Island of No Return. Literally.

ENVIRONMENT

Thousands of South Pacific islanders will leave for permanent resettlement as one of the most active volcanoes in the world gets ready to rumble. (Guardian)

Why is the South Pacific erupting? Use our resource to learn a little about the Ring of Fire.

Teachers, scroll down for a quick list of key resources, including today’s MapMaker Interactive map.

The huge ash plume of Manaro Voui stretches across the South Pacific from the volcanic island of Ambae, Vanuatu.
NASA Earth Observatory images by Jeff Schmaltz, using MODIS data from LANCE/EOSDIS Rapid Response

Discussion Ideas

What’s going on in Vanuatu? Explore layers on today’s MapMaker Interactive map to better understand the latest eruption.

 

  • Scroll down and take a look at the “Volcanic Hazards” section of our reference resource. What volcanic hazards do you think ni-Vanuatu authorities are most concerned about?
    • volcanic ash. Volcanic ash can reduce visibility, prevent air travel, damage infrastructure, and harm human health. Some parts of Ambae have already been blanketed in ash 30 centimeters (1 foot) deep.
      • visibility. Plumes of volcanic ash can spread over large areas of sky, turning daylight into complete darkness and drastically reducing visibility. Take another look at that image up top to see how far ocean winds can carry volcanic ash.
      • air travel. Airborne volcanic ash is especially dangerous to moving aircraft. The small, abrasive particles of rock and glass can melt inside an airplane engine and solidify on the turbine blades—causing the engine to stall. The 2010 eruption of Eyjafjallajökull, Iceland, produced an ash cloud that forced the cancellation of roughly 100,000 flights and affected 7 million passengers, costing the aviation industry an estimated $2.6 billion. Check out that ash cloud here.
      • infrastructure. Ash can enter and disrupt machinery found in power supply, water supply, sewage treatment, and communication facilities. Heavy ash fall can also inhibit road and rail traffic and damage vehicles. When mixed with rainfall, volcanic ash turns into a heavy, cement-like sludge can collapse roofs. This has already happened on Ambae, as these dramatic photos document.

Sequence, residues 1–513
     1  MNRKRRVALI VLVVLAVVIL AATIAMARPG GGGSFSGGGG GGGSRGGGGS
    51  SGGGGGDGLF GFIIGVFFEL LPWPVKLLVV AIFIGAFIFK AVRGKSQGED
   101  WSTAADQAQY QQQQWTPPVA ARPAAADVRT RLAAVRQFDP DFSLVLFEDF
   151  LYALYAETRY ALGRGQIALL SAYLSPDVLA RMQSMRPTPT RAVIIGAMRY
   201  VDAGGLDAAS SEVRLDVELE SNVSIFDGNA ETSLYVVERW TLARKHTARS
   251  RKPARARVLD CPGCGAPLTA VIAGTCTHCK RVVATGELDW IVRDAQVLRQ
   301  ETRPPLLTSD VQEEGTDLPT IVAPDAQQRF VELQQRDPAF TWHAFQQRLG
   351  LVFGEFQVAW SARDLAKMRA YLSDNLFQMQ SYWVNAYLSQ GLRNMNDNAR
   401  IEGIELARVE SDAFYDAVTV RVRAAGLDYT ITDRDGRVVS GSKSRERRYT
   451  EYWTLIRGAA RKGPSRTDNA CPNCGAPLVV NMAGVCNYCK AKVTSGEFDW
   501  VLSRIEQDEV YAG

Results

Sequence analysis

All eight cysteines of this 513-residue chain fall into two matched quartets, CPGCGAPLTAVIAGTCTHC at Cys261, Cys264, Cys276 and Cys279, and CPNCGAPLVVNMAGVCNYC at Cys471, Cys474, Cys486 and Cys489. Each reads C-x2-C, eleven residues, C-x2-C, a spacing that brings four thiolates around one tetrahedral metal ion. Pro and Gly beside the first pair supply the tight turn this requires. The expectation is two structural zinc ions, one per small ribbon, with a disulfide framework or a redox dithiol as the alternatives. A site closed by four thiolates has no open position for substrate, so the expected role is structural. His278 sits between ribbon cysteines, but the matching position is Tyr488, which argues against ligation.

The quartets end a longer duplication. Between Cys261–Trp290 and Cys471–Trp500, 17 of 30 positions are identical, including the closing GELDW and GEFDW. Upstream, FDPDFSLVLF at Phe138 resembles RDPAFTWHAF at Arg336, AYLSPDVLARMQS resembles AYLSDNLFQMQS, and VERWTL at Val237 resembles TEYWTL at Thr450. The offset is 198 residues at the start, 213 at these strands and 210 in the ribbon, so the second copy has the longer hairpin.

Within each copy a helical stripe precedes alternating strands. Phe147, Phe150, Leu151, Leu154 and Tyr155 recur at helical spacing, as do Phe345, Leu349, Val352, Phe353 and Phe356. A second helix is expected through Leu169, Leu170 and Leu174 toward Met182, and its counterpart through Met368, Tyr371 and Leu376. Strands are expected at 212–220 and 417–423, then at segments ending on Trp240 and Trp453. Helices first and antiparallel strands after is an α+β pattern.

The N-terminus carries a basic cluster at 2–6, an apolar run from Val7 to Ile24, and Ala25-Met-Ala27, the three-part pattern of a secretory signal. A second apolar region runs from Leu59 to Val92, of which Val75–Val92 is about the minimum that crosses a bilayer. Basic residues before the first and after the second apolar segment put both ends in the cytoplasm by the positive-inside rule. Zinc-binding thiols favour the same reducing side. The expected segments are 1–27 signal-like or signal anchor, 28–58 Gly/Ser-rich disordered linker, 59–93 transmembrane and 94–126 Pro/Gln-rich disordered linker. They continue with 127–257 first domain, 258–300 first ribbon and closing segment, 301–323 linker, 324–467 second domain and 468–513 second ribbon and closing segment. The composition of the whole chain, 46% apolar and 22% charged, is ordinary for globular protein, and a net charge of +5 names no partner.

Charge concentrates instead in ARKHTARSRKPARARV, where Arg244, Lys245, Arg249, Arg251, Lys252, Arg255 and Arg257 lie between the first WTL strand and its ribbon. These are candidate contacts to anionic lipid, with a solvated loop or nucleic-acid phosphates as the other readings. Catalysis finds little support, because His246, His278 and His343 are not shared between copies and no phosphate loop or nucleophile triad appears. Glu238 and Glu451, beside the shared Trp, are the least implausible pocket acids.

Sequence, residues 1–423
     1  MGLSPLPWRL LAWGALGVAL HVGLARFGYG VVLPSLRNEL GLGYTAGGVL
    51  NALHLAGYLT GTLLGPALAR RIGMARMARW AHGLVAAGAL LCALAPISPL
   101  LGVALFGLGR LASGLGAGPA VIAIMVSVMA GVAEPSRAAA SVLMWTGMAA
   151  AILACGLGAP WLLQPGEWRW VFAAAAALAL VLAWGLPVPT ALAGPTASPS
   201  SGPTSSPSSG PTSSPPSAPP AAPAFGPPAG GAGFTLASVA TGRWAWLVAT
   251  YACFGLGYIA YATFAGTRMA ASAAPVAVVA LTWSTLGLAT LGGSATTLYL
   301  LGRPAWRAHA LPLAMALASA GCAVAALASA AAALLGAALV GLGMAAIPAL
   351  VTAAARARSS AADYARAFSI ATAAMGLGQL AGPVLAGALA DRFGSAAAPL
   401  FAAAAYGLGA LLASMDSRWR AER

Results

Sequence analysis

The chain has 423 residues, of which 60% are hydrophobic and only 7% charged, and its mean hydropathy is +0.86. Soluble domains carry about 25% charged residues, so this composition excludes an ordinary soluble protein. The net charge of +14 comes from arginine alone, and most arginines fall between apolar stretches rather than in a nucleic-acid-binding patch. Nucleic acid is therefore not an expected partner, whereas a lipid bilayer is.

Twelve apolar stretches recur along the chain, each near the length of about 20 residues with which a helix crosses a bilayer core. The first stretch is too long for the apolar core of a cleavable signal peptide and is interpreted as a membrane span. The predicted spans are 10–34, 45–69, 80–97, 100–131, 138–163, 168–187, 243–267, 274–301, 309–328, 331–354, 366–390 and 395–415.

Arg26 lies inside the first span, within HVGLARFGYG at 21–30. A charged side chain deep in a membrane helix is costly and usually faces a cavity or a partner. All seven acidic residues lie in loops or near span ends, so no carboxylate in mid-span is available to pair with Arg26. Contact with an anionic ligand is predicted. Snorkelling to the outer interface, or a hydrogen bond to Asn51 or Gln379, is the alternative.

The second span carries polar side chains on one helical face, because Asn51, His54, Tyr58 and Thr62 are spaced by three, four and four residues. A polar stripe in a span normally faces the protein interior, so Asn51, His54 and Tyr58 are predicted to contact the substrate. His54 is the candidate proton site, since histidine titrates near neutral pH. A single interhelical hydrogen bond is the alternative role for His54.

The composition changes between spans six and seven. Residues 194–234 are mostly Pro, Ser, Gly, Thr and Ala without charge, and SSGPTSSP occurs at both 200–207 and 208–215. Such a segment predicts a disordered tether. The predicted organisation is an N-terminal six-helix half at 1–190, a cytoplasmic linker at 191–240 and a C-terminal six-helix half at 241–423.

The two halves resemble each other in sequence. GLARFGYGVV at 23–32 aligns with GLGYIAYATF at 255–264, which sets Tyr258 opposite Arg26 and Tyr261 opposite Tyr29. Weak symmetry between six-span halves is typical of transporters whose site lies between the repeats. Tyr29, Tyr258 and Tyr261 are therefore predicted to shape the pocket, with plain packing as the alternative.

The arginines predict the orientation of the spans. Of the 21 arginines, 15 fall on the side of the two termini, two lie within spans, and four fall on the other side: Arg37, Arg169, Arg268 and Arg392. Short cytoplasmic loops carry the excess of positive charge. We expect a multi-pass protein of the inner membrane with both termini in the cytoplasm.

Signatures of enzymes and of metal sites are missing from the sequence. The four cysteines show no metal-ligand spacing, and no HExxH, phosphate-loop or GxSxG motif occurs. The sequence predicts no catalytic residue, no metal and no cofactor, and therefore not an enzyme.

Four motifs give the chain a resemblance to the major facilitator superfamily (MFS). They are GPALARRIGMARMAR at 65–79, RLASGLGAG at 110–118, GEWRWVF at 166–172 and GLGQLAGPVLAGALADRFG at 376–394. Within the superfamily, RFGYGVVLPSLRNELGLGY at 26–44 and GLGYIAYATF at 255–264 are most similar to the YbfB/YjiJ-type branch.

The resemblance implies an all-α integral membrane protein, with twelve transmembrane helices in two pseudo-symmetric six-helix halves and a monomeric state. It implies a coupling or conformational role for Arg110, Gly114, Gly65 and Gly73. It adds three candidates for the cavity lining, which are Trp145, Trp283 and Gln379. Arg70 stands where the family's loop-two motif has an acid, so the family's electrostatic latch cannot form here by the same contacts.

• crops. Most residents of Ambae practice subsistence agriculture. Volcanic ash has already buried crops and contaminated animal feed.
      • health. Carbon dioxide and fluorine, gases that can be toxic to humans, can collect in volcanic ash. The resulting ash fall can lead to crop failure, animal death and deformity, and human illness. Ash’s abrasive particles can scratch the surface of the skin and eyes, causing discomfort and inflammation. If inhaled, volcanic ash can cause breathing problems and damage the lungs. Inhaling large amounts of ash and volcanic gases can cause a person to suffocate.
    • displacement. Ambae’s population will be forced to find new homes, schools, jobs, hospitals, community centers, and neighborhoods.

 

  • Are evacuated residents of Ambae considered “environmental refugees”?
    • Yes. Residents have been forced to flee their homes and communities due to changes in the environment.

 

  • Island residents are being permanently evacuated because of an erupting volcano. Is Manaro Voui going to go Krakatoa on us?
    • Unlikely. Volcanologists have categorized the eruption as a Volcanic Alert Three, which the Vanuatu Meteorology and Geo-Hazards Department categorizes as “Danger within caldera, volcanic cone and other specific area, possibility of moderate eruption and also chance of flank eruption.”
      • The evacuation is due to increased emissions of gas, ash, and scoria. The cone at one of the volano’s three crater lakes has also grown significantly.
      • Manaro Voui is a shield volcano. Krakatau is a stratovolcano.
        • Shield volcanoes, like Kilauea in Hawaii, are large, gently sloping mountains that are often characterized by effusive eruptions—a slow, steady outpouring of liquid lava.
        • Stratovolcanoes are steep mountains often characterized by explosive eruptions of gases, ash, rocks, and viscous lava. Pyroclastic flows, the most dangerous of volcanic hazards, are usually associated with the explosive eruptions of stratovolcanoes.
        • Although shield volcanoes are obviously dangerous, they are less likely to erupt with the sort of violent intensity of stratovolcanoes like Krakatau, Vesuvius, or Pinatubo. Learn more about shield and stratovolcanoes with our activity here.

 

 

TEACHERS TOOLKIT

Guardian: Island of no return: Vanuatu evacuates entire population of volcanic Ambae

Smithsonian Institution Global Volcanism Program: Ambae

Nat Geo: Evacuating Ambae Island

Nat Geo: Vanuatu

Nat Geo: What is the Ring of Fire?

Nat Geo: What is a volcano?

Nat Geo: What is volcanic ash?

Nat Geo: Types of Volcanic Eruptions

 

One response to “Island of No Return. Literally.

Leave a Reply

Fill in your details below or click an icon to log in:

WordPress.com Logo

You are commenting using your WordPress.com account. Log Out /  Change )

Google+ photo

You are commenting using your Google+ account. Log Out /  Change )

Twitter picture

You are commenting using your Twitter account. Log Out /  Change )

Facebook photo

You are commenting using your Facebook account. Log Out /  Change )

Connecting to %s

This site uses Akismet to reduce spam. Learn how your comment data is processed.